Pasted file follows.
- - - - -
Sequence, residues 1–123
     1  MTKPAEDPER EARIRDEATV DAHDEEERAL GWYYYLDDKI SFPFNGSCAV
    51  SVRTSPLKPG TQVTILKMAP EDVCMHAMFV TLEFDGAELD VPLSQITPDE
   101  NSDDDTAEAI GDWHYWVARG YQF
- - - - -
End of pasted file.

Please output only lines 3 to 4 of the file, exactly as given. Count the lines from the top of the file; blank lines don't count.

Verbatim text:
    51  SVRTSPLKPG TQVTILKMAP EDVCMHAMFV TLEFDGAELD VPLSQITPDE
   101  NSDDDTAEAI GDWHYWVARG YQF